CORONAVIRUS

With no Cedar Rapids buses, small service transit toils to meet crucial needs

Neighborhood Transporation Services focuses on essential rides to work

Operations manager JJ Miller (left) and driver Bernie Prokop hang plastic sheeting Tuesday in an NTS van in Cedar Rapids
Operations manager JJ Miller (left) and driver Bernie Prokop hang plastic sheeting Tuesday in an NTS van in Cedar Rapids. Plastic sheeting was installed in the NTS buses and vans to help protect drivers and passengers from riders who may be ill. (Liz Martin/The Gazette)
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CEDAR RAPIDS — On the first day that Cedar Rapids Transit temporarily shut down to limit the spread of COVID-19, the Neighborhood Transportation Service that’s expanding to help fill the most crucial voids was experiencing backlogs Wednesday.

The transportation service, known as NTS by Horizons, is adding two daytime buses to transport workers in fields deemed critical — health care, grocery stores, care facilities and convenience stores or gas stations. While NTS has been able initially to meet the demand for essential services, other callers are being turned away or put on a waitlist.

“It’s been busy there,” said Mike Barnhart, chief executive of Horizons. “We are taking lots of calls. We had to adjust the phone system so more people could answer the phones. We have met the requests for the essential services thus far and even been able to add some other rides as well.”

However, Barnhart added, “there is no way we can meet the demand for all of the employment in Cedar Rapids.”

And that doesn’t address other needs beyond getting to and from work.

The shut down of fixed-route transit in the city will negatively impact some. It can be a lifeline for those with lesser means and others without vehicles to get to medical and other appointments, workplaces including and beyond those deemed essential, and access to groceries and supplies.

“We have a lot of clients that work in positions that require them to get there on the bus because they don’t have another vehicle,” said Phoebe Trepp, executive director of Willis Dady Homeless Services. “Clients getting to the store and to jobs across town are a huge issue and we still don’t have a good solution.”

She noted at least two clients lost jobs that because they don’t have a way to get there.

Cedar Rapids Transit paused service at the end of the day Tuesday through at least April 13 to limit the spread of COVID-19. The buses, which had stopped collecting fares, were becoming a social hangout, officials said in announcing the suspension of service.

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Cedar Rapids Transit provided 1.28 million rides in 2019, according to the National Transit Database. Officials said the recent ridership was down about 70 percent.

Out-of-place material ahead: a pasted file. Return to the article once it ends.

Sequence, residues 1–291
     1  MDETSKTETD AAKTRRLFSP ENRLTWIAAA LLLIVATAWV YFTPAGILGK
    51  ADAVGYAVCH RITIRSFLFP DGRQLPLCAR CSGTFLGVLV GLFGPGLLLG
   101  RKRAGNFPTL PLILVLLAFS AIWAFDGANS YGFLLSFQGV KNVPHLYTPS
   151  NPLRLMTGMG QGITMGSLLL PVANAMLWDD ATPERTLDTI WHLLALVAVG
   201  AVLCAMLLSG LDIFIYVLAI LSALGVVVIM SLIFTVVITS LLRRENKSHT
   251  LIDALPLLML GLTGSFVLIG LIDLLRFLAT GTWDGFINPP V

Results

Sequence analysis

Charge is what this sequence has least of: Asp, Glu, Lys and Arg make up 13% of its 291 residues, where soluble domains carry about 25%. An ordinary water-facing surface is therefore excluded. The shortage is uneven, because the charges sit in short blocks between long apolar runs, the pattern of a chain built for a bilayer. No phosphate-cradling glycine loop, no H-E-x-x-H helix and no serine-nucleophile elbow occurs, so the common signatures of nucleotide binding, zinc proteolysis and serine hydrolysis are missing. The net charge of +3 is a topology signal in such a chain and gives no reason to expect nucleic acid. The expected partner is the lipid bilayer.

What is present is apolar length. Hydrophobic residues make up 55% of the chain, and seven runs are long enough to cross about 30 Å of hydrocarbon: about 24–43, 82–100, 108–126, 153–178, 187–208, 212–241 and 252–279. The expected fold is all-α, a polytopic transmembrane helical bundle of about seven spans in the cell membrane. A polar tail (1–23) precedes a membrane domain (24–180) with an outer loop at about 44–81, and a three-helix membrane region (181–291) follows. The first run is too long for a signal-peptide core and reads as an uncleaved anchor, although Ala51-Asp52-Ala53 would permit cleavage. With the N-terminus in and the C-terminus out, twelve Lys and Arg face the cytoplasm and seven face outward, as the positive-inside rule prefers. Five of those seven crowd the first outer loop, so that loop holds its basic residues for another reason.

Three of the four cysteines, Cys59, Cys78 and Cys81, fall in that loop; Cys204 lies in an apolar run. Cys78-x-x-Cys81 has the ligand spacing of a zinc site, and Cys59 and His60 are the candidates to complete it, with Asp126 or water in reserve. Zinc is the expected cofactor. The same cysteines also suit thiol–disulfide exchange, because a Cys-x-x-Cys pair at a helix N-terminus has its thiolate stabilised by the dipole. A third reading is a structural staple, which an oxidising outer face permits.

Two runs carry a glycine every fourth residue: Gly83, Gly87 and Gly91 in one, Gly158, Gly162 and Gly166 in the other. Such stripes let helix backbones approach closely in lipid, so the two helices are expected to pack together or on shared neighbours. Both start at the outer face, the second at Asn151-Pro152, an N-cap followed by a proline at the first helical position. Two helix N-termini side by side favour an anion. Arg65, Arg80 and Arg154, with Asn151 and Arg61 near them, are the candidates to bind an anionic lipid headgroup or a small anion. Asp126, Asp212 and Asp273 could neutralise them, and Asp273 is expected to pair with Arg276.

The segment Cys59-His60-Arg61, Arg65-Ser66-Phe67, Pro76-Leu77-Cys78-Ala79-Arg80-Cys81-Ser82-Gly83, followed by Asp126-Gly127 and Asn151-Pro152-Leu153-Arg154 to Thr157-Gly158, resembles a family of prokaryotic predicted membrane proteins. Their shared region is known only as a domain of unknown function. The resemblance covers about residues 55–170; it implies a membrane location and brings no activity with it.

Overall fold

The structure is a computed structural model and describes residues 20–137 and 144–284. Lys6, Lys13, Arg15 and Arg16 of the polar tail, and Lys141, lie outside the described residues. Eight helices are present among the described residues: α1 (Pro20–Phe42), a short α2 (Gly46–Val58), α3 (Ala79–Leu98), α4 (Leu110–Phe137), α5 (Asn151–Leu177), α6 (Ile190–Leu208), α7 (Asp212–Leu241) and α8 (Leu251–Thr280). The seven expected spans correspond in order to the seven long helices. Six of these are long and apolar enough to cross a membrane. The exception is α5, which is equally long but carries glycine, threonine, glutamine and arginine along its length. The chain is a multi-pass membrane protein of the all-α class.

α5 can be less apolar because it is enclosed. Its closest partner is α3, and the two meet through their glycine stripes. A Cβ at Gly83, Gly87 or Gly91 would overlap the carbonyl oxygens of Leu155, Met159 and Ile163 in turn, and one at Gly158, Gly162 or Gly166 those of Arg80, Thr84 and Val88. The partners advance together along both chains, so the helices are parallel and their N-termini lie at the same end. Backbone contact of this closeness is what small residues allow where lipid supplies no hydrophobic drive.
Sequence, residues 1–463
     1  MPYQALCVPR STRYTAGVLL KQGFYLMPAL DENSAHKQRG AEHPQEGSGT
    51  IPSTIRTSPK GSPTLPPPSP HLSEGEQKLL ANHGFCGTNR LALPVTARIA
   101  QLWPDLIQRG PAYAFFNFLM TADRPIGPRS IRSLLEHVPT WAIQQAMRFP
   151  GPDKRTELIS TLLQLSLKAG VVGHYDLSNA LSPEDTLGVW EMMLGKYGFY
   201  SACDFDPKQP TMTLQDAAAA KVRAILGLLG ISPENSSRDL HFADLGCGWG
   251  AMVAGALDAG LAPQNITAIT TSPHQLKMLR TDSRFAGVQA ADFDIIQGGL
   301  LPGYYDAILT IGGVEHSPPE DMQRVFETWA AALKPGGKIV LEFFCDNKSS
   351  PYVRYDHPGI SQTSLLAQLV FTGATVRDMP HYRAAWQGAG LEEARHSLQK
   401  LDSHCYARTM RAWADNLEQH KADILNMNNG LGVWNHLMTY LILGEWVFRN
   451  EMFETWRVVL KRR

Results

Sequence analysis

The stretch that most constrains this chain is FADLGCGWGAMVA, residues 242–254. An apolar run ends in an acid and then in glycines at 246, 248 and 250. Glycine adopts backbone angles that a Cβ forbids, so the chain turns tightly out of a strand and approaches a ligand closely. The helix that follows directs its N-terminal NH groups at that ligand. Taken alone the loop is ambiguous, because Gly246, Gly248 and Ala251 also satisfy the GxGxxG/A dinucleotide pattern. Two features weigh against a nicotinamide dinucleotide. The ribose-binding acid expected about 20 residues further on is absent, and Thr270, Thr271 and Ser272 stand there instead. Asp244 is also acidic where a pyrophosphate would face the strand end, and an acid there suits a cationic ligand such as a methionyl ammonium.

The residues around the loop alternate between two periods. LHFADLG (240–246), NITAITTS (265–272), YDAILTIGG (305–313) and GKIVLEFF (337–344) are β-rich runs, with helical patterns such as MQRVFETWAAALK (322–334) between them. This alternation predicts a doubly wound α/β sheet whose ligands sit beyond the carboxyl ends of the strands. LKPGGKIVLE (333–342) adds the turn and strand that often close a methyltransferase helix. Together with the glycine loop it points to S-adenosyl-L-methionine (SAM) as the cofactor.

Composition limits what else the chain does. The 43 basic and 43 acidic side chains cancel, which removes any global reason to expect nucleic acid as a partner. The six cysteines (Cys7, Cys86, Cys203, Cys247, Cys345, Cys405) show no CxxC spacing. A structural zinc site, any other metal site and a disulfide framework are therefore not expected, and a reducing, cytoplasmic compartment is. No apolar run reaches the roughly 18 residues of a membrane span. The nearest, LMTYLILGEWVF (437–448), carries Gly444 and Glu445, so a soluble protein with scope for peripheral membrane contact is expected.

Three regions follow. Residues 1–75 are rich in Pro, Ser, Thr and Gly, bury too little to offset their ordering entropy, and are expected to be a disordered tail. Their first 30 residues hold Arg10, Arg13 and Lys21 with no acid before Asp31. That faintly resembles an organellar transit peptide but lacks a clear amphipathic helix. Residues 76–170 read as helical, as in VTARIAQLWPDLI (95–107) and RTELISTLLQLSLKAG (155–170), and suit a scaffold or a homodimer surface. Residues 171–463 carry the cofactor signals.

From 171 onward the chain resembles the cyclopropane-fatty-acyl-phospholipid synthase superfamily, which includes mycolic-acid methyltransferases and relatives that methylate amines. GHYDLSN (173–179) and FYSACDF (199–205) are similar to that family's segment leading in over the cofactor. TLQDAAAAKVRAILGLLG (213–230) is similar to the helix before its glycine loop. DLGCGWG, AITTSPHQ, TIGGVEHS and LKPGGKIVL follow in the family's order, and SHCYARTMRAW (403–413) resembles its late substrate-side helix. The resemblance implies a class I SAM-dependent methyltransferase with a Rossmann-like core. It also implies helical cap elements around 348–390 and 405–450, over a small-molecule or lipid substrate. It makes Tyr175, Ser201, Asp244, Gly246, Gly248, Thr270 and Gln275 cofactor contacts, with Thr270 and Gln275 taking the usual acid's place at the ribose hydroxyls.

NTS typically provides curb-to-curb nighttime rides to work after the regular transit system stops. Demand for that is also picking up, Barnhart said.

To schedule a ride with NTS, residents should call 319-363-1321 at least 24 hours in advance.

Its buses have been outfitted with protective plastic sheeting to separate both the riders and the driver. To maintain safe social distance, the buses can accommodate four passengers each. Fares are not being collected to limit contact.

“Every driver takes personal accountability for sanitizing their vehicles,” said Tabitha Downing, NTS driver and scheduling manager, noting drivers wipe down anything they touch such as knobs, turning signals and microphones, and are wearing gloves. “And anyone getting on the bus gets a squirt of sanitizer.”

On the first day of expanded service, NTS provided 42 rides, which included some beyond the essential service threshold to manufacturing plants, restaurants and call centers. This was done on a first-come, first-served basis, and those people still could get bumped for an essential service worker.

NTS had 58 trips booked for Thursday. It could not accommodate 19 rides, including people trying to get to Goodwill and to day care centers.

Barnhart said the service could potentially provide more rides but doesn’t have enough drivers. Two drivers who went out of state on vacation last week are in self-isolation now.

A big issue is a logistical “choke point” at traditional shift start and end times, Barnhart said. While people could wait to get picked up, most employees are less flexible for the start of their shift, he said. He also noted NTS has been working with other nonprofits on a system of delivering food, beyond Meals-on-Wheels.

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Barnhart said it is hard to predict whether demand would pick up more, noting as more employers are shutting down it lessens the places people need to get to.

Lyft and Uber remained active but with few available vehicles on Wednesday afternoon.

Taxi service also remains available, but demand is down, said Katia Richmond, a dispatcher and driver for City and Yellow Cab of Cedar Rapids. Service had not picked up Wednesday in conjunction with the transit shut down.

She noted sponsored medical trips through LogistiCare have been discontinued during the COVID-19 outbreak.

“It looks like it has been pretty much the same,” Richmond said.

Linn County LIFTS Paratransit service will continue to provide rides to existing customers for essential services including medical trips, pharmacy, dialysis or grocery. All other people in need of essential medical transportation can contact LIFTS at 319-892-5170 for ride availability. Priority will be given to seniors and people with disabilities.

Comments: (319) 398-8310; brian.morelli@thegazette.com

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